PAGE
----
• Inhibition of Breast Cancer Metastasis Suppressor 1 Promotes a Mesenchymal Phenotype in Lung Epithelial Cells That Express Oncogenic K-RasV12 and Loss of p53. Hall, Emily H.; Liu, Yuan; Xiao, Aizhen; Shock, Lisa; Brautigan, David L.; Mayo, Marty W.; Adusumilli, Prasad S.; Jones, David R. // PLoS ONE;Apr2014, Vol. 9 Issue 4, p1 

    Expression of the breast cancer metastasis suppressor 1 (BRMS1) protein is dramatically reduced in non-small cell lung cancer (NSCLC) cells and in primary human tumors. Although BRMS1 is a known suppressor of metastasis, the mechanisms through which BRMS1 functions to regulate cell migration and...

  • The TBC1D15 Oncoprotein Controls Stem Cell Self-Renewal through Destabilization of the Numb-p53 Complex. Feldman, Douglas E.; Chen, Chialin; Punj, Vasu; Machida, Keigo // PLoS ONE;Feb2013, Vol. 8 Issue 2, p1 

    Stem cell populations are maintained through self-renewing divisions in which one daughter cell commits to a specific fate while the other retains the multipotent characteristics of its parent. The p53 tumor suppressor, in conjunction with its interacting partner protein Numb, preserves this...

  • Ovarian carcinomas with genetic and epigenetic BRCA1 loss have distinct molecular abnormalities. Press, Joshua Z.; De Luca, Alessandro; Boyd, Niki; Young, Sean; Troussard, Armelle; Ridge, Yolanda; Kaurah, Pardeep; Kalloger, Steve E.; Blood, Katherine A.; Smith, Margaret; Spellman, Paul T.; Yuker Wang; Miller, Dianne M.; Horsman, Doug; Faham, Malek; Gilks, C. Blake; Gray, Joe; Huntsman, David G. // BMC Cancer;2008, Vol. 8, Special section p1 

    Background: Subclassification of ovarian carcinomas can be used to guide treatment and determine prognosis. Germline and somatic mutations, loss of heterozygosity (LOH), and epigenetic events such as promoter hypermethylation can lead to decreased expression of BRCA1/ 2 in ovarian cancers. The...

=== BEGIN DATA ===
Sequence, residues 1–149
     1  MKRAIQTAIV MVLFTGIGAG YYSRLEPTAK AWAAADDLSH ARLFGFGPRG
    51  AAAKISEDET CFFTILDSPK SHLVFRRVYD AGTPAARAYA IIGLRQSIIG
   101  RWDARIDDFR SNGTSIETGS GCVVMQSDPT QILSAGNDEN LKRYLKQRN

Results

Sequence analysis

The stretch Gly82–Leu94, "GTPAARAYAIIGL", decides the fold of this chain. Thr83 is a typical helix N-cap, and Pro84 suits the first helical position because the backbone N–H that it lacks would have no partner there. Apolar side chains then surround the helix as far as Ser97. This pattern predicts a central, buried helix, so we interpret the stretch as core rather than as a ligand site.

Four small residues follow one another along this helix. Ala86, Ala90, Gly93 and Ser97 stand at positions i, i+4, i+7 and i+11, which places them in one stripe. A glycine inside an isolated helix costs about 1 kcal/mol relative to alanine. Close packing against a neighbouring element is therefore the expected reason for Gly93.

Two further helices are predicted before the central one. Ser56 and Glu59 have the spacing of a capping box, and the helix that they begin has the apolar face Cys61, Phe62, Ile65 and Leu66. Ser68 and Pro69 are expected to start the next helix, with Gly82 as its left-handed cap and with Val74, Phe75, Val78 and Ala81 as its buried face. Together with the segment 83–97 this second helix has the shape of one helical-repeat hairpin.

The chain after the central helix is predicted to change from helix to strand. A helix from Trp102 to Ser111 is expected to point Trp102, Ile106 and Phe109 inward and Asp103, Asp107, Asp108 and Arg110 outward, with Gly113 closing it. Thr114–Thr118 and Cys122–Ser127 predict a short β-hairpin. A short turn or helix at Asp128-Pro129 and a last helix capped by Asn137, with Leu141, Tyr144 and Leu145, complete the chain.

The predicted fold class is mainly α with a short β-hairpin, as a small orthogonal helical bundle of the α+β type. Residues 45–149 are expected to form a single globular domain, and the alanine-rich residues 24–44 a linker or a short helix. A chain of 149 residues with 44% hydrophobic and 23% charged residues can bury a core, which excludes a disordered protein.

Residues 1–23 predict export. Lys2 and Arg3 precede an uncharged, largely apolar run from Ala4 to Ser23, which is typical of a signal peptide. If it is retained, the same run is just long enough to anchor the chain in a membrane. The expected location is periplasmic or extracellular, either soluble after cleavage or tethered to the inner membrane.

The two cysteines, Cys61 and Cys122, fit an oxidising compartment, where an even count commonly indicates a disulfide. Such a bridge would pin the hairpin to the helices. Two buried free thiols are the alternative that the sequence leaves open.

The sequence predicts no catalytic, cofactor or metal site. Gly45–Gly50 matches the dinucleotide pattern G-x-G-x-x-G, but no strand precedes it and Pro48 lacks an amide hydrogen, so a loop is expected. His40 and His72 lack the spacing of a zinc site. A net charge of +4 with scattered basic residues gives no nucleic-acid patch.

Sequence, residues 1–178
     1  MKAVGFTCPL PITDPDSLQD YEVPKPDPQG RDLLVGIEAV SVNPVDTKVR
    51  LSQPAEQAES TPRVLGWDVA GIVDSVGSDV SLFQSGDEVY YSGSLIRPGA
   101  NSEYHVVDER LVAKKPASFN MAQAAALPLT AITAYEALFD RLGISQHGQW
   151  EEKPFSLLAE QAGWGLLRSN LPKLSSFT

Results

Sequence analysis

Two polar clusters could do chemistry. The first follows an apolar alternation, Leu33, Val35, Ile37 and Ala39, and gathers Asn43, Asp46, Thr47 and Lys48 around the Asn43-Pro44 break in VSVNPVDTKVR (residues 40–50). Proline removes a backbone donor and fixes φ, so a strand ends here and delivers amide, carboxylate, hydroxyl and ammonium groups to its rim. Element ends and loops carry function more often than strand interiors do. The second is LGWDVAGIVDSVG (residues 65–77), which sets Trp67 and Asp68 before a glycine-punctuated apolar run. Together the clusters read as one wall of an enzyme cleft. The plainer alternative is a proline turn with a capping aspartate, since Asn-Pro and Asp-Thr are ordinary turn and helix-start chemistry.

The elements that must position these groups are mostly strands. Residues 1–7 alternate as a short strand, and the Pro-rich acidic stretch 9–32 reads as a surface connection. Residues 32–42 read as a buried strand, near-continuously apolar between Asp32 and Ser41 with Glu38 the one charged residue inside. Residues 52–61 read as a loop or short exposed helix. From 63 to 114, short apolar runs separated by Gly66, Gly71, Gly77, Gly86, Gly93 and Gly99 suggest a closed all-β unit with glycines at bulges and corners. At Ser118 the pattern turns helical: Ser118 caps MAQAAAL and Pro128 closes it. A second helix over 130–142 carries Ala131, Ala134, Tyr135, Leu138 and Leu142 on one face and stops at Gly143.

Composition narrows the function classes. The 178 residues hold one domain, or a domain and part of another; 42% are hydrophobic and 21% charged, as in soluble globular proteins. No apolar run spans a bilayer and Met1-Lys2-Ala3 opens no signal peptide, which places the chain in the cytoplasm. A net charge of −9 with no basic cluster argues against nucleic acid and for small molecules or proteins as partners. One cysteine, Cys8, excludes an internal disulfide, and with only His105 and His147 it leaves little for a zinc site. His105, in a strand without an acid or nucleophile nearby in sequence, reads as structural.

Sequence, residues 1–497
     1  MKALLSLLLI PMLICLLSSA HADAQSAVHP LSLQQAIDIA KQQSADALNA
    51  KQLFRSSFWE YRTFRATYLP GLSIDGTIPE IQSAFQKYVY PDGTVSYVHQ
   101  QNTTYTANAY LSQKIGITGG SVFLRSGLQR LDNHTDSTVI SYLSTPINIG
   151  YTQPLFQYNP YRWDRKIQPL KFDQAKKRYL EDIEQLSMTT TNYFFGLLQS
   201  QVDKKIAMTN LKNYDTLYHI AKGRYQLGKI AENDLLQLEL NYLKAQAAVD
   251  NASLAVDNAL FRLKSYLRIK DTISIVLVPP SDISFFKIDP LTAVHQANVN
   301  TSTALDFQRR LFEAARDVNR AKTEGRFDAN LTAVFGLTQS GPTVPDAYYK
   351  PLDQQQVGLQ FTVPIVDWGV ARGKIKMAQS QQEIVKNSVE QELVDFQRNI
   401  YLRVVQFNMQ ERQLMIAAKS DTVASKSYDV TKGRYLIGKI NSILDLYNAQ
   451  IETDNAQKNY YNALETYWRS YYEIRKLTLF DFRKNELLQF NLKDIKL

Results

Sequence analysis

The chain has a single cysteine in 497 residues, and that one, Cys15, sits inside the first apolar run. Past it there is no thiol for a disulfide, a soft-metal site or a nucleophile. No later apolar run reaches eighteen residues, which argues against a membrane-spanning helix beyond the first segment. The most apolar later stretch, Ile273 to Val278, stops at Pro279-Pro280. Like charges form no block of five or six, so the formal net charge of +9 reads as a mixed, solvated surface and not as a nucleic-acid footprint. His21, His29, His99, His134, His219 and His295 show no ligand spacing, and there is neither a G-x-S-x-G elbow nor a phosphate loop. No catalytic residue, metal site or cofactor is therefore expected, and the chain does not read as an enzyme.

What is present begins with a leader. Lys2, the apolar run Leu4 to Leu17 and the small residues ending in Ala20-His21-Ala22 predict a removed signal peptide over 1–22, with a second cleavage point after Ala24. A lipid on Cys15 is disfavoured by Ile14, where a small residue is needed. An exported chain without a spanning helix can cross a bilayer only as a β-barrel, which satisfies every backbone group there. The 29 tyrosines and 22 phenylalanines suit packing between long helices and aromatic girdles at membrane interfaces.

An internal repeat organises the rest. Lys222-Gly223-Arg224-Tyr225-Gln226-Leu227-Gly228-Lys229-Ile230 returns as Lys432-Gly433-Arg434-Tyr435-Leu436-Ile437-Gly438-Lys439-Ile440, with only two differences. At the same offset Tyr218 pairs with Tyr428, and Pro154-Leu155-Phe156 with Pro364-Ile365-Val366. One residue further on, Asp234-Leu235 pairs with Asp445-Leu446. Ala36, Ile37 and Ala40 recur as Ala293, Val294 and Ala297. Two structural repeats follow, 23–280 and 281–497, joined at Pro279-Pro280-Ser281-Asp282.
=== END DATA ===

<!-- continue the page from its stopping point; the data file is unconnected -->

• Out of the jaws of death: PRMT5 steers p53. Berger, Shelley L. // Nature Cell Biology;Dec2008, Vol. 10 Issue 12, p1389 

    The tumour suppressor p53 triggers either cell-cycle arrest or apoptosis. Now, arginine methylation joins a panoply of other post-translational modifications that regulate p53. PRMT5 mediates p53 methylation, which disposes the cell to arrest rather than death.

  • Mdm2-mediated ubiquitylation: p53 and beyond. Marine, J.-C.; Lozano, G. // Cell Death & Differentiation;Jan2010, Vol. 17 Issue 1, p93 

    The really interesting genes (RING)-finger-containing oncoprotein, Mdm2, is a promising drug target for cancer therapy. A key Mdm2 function is to promote ubiquitylation and proteasomal-dependent degradation of the tumor suppressor protein p53. Recent reports provide novel important insights into...

  • Savior and slayer: the two faces of p53. Bensaad, Karim; Vousden, Karen H. // Nature Medicine;Dec2005, Vol. 11 Issue 12, p1278 

    The article focuses on tumor suppressor protein p53. The tumor suppressor protein p53 prevents the development of cancer by inhibiting the proliferation of nascent cancer cells, which depends in part on the expression of genes that regulate cell-cycle arrest or apoptosis. There is also evidence...


Read the Article


Sorry, but this item is not currently available from your library.

Try another library?
Sign out of this library

Other Topics